Figure 1.
CONSORT diagram illustrating the flow of patients through the trial. Abbreviations: OMT, osteopathic manual treatment; SUT, sham ultrasound therapy; UOBC, usual obstetric care.
Figure 2.
Frequency distributions of (A) numerical rating scale (NRS) scores for back pain and (B) Roland-Morris Disability Questionnaire (RMDQ) scores immediately prior to the first visit at week 30.
Figure 2.
Frequency distributions of (A) numerical rating scale (NRS) scores for back pain and (B) Roland-Morris Disability Questionnaire (RMDQ) scores immediately prior to the first visit at week 30.
Figure 3.
Progressive back-specific dysfunction during the third trimester of pregnancy. Progressive back-specific dysfunction was defined as a 2-point or greater increase on the Roland-Morris Disability Questionnaire score during the third trimester. Abbreviations: OMT, osteopathic manual treatment; SUT, sham ultrasound therapy; UOBC, usual obstetric care.
Figure 3.
Progressive back-specific dysfunction during the third trimester of pregnancy. Progressive back-specific dysfunction was defined as a 2-point or greater increase on the Roland-Morris Disability Questionnaire score during the third trimester. Abbreviations: OMT, osteopathic manual treatment; SUT, sham ultrasound therapy; UOBC, usual obstetric care.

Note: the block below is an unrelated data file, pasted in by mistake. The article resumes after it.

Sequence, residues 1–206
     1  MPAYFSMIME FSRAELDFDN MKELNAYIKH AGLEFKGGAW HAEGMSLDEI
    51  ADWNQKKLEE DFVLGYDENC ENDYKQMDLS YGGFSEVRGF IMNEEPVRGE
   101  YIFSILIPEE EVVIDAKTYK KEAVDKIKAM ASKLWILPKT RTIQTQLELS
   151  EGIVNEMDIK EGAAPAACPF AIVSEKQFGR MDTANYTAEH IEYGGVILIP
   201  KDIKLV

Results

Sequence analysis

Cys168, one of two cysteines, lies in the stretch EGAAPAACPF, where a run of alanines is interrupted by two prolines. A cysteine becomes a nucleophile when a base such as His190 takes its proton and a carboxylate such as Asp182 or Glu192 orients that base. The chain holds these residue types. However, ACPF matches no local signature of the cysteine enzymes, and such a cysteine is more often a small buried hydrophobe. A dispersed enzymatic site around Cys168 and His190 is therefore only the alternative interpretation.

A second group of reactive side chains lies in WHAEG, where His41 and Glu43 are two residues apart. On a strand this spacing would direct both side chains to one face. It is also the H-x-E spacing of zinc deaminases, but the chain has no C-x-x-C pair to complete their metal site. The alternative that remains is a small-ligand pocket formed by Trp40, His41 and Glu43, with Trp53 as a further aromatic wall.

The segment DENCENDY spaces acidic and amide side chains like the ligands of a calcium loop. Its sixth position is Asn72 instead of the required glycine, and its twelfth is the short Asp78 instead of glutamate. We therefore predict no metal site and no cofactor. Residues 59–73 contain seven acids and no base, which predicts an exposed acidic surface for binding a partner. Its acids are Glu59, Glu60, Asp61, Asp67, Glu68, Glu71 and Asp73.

Table 1.
Baseline Patient Characteristics According to Treatment Group (N=146)
Treatment Group
Characteristic UOBC+OMT (n=49) UOBC+SUT (n=48) UOBC (n=49) P Value
Age, y, mean (SD) 23.8 (5.5) 23.7 (4.4) 23.8 (5.2) .99
Race/Ethnicity,a No. (%) .10
White 23 (47) 10 (21) 15 (31)
Black 10 (20) 22 (46) 15 (31)
Hispanic 15 (31) 14 (29) 17 (35)
Other 1 (2) 2 (4) 2 (4)
Education, y, mean (SD) 12.1 (1.7) 11.8 (1.8) 11.9 (2.0) .74
Marital Status, No. (%) .89
Single 29 (59) 28 (58) 29 (59)
Married 17 (35) 18 (38) 19 (39)
Other 3 (6) 2 (4) 1 (2)
Employment Status, No. (%) .57
Employed 20 (41) 21 (44) 26 (53)
Unemployed 24 (49) 19 (40) 17 (35)
Status unknown 5 (10) 8 (17) 6 (12)
Health Insurance Type, No. (%) .57
Medicaid 31 (63) 36 (75) 38 (78)
HMO/PPO/POS 14 (29) 9 (19) 9 (18)
Other 4 (8) 3 (6) 2 (4)
Gravida, mean (SD) 2.7 (1.5) 2.7 (1.3) 2.7 (1.6) .97
Para, mean (SD) 1.1 (1.0) 1.1 (1.1) 1.4 (1.2) .47
Weight, lb, mean (SD) 181.7 (41.8) 173.5 (36.3) 186.4 (43.7) .31
NRS Score for Back Pain, mean (SD) 4.9 (2.1) 4.8 (2.3) 4.9 (2.3) .99
RMDQ Score, mean (SD) 8.4 (4.7) 8.1 (5.3) 6.6 (4.5) .14
  a Self-reported on a combined race/ethnicity item.
  Abbreviations: HMO, health maintenance organization; NRS, numerical rating scale; OMT, osteopathic manual treatment; POS, point-of-service plan; PPO, preferred provider organization; RMDQ, Roland-Morris Disability Questionnaire; SUT, sham ultrasound therapy; UOBC, usual obstetric care.
Table 1.
Baseline Patient Characteristics According to Treatment Group (N=146)
Treatment Group
Characteristic UOBC+OMT (n=49) UOBC+SUT (n=48) UOBC (n=49) P Value
Age, y, mean (SD) 23.8 (5.5) 23.7 (4.4) 23.8 (5.2) .99
Race/Ethnicity,a No. (%) .10
White 23 (47) 10 (21) 15 (31)
Black 10 (20) 22 (46) 15 (31)